Hyperbole In Macbeth

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EXAMINE HOW MACBETH’S ACTIONS LED TO HIS OWN DOWNFALL

Throughout Shakespeare’s Macbeth it becomes evident that Macbeth’s demise as the tragic hero occurs as a consequence of his own actions. Macbeth examines themes of overarching ambition, changing and controlling fate, and disruptions in the natural order. These ideas are exemplified through Macbeth’s characterisation as the tragic hero, through the emphasis that is placed upon his hamartia and through the evidence of his attempts to change his fate. This is supported through Act 1, Scene 7 as Macbeth encounters the witches and his fatal flaw is exposed, throughout Act 3 as the disparity of Macbeth’s morality and psychological state progressively declines, resulting in his eventual demise
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Throughout Act 3, Macbeth has essentially lost all moral direction, reasoning, and self control, thus signifying the escalating eventuality of his demise. Moreover, in Act 3 Scene 4, after Macbeth kills and then hallucinates Banquo, he states to Lady Macbeth ‘I am in blood stepped in so far that, should I wade no more, returning were as tedious as to go o’er’. The use of grotesque hyperbole communicates the unnatural occurrences that represent moral corruption, and the symbolism of blood links to Macbeth’s guilt as a stain on his conscience. This also conveys that though Macbeth is aware that his own actions have resulted in the disintegration of his sanity, he remains willing to continue to commit crimes and take immoral action to ensure he maintains power. Macbeth is now enduring the repercussions of his actions, and by attempting to alter the future by murdering Banquo, he has become tormented and anguished, and his guilt has begun permeating every aspect of his life. In addition, the blood motif metaphorically represents the fateful choices of Macbeth and alludes to his inevitable death. Macbeth is now acknowledging the fact that he has no choice but to progress, and through his attempts to disrupt the natural order, the idea that Macbeth’s downfall occurs as a repercussion for his own decisions is…show more content…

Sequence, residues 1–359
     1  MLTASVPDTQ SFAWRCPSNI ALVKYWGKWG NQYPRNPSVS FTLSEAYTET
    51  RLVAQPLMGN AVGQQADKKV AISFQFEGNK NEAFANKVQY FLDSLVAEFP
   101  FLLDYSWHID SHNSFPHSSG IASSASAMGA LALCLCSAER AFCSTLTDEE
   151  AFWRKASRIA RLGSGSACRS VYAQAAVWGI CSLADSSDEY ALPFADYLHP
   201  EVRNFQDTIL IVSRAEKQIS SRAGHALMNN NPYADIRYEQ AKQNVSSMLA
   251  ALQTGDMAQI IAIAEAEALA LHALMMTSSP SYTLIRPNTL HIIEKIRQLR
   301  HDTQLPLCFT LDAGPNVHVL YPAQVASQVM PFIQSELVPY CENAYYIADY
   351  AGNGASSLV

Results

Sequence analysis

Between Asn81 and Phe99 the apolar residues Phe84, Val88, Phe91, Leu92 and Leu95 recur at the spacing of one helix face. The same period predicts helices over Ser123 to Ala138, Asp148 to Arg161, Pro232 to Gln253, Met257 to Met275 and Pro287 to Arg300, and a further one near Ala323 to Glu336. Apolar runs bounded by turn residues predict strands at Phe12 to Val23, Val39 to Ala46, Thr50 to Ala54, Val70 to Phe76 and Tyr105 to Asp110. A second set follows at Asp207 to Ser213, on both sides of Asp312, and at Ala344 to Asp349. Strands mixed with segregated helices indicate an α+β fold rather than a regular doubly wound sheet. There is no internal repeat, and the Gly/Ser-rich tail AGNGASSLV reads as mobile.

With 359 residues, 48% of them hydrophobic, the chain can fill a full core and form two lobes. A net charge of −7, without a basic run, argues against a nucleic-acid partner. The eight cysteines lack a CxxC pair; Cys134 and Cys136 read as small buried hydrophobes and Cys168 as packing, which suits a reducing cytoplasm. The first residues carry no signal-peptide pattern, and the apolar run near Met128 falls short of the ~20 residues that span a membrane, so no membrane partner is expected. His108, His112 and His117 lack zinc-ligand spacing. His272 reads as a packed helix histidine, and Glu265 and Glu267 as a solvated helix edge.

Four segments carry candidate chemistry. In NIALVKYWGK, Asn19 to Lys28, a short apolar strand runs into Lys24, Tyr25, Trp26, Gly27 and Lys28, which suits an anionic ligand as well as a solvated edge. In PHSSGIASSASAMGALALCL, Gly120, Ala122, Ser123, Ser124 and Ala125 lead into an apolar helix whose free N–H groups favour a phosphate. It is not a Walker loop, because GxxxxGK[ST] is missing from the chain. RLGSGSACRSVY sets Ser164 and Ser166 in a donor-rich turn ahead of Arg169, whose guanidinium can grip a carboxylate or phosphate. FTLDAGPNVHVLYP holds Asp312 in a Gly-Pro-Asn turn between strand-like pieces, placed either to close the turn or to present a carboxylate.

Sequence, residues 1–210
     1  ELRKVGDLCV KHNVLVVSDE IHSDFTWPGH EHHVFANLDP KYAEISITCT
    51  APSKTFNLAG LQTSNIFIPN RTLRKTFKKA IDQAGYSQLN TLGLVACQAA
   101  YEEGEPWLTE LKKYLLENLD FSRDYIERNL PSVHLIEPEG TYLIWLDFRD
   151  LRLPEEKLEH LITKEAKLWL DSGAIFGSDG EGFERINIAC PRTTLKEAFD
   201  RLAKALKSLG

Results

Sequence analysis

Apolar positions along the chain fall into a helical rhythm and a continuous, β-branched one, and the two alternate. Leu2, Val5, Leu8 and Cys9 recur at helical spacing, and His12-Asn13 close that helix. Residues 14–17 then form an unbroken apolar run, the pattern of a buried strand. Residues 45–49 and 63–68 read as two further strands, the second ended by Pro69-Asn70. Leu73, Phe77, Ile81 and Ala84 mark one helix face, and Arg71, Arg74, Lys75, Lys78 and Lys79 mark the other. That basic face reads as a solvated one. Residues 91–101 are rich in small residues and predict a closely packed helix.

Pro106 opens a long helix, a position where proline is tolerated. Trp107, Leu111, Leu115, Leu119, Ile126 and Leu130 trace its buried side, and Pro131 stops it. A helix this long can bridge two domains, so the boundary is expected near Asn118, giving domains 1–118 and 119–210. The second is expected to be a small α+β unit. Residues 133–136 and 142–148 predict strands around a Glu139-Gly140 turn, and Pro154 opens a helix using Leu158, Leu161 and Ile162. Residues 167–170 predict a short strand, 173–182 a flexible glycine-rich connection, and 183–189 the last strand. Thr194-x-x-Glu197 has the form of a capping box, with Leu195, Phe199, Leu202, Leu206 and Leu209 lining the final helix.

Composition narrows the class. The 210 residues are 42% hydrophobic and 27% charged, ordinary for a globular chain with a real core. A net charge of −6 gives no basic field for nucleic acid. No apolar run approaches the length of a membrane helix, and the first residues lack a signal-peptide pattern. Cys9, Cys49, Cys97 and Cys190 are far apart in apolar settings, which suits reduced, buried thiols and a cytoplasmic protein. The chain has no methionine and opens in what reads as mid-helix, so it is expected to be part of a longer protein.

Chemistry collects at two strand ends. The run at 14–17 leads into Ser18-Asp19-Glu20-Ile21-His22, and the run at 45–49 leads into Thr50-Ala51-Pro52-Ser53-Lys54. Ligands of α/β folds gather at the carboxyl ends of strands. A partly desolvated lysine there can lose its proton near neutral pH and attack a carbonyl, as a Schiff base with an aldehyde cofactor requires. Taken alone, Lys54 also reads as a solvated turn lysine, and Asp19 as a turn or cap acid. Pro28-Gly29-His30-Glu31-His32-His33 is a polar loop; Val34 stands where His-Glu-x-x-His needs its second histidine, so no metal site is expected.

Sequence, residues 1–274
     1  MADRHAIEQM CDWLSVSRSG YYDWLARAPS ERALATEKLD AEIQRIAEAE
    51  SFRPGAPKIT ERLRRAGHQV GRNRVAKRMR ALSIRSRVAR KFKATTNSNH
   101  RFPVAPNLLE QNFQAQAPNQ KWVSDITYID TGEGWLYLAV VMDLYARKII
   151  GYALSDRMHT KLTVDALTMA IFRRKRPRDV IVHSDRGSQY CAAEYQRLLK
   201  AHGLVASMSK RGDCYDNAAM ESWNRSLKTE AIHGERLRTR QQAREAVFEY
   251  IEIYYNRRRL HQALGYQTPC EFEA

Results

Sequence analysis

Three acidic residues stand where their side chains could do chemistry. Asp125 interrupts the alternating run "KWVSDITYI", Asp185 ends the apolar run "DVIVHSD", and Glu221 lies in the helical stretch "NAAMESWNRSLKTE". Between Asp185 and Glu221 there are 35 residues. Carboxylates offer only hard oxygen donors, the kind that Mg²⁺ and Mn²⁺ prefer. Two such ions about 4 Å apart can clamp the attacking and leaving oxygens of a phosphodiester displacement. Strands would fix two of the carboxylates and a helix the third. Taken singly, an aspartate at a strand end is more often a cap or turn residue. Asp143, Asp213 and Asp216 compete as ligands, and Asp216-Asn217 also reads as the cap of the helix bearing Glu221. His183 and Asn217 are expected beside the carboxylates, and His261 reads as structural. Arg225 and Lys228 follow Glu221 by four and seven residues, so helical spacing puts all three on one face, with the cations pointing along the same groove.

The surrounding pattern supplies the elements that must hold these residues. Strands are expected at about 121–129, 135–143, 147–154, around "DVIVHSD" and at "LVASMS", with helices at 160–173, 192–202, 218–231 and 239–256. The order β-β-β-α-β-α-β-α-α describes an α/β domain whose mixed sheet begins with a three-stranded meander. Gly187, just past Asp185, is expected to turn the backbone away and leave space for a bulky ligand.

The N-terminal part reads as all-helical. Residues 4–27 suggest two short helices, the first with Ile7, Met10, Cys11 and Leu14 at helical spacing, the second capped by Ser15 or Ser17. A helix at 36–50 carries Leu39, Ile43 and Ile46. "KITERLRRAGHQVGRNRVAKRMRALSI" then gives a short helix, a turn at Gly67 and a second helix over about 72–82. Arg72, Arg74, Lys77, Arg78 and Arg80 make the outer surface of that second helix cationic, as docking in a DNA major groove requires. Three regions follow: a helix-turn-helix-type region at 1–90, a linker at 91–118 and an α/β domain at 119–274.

Within Act 4, Scene 1, he states ‘From this moment, the very firstlings of my heart shall be the firstlings of my hand’. The repetition of the word ‘firstlings’ conveys that Macbeth is no longer debating the pros and cons of taking immoral action, but instead he is senselessly causing chaos and destruction, and that he is unable to think rationally and calmly. When he kills MacDuff’s wife and children, it is apparent that Macbeth is behaving erratically and impulsively in order to maintain some semblance of power and control. He has reached the epitome of his villainy as this is the final example of the utter degradation of his character. Obviously, Macbeth’s own actions have resulted in the tragedy of his demise. Shakespeare has represented the downfall of a once great man, however, Macbeth maintains redeeming qualities in order to engage the audience and evoke sympathy. This is reflected in Act 5 when Macbeth refuses to fight MacDuff, saying ‘My soul is much too charged with blood of thine already’. His courageous refusal to spill anymore blood of MacDuff’s family enables the audience to sympathise with Macbeth, and the use of emotive language thereby invokes a sense of devastation when he eventually reaches his death. Evidently, Macbeth’s actions were pivotal in the preceding
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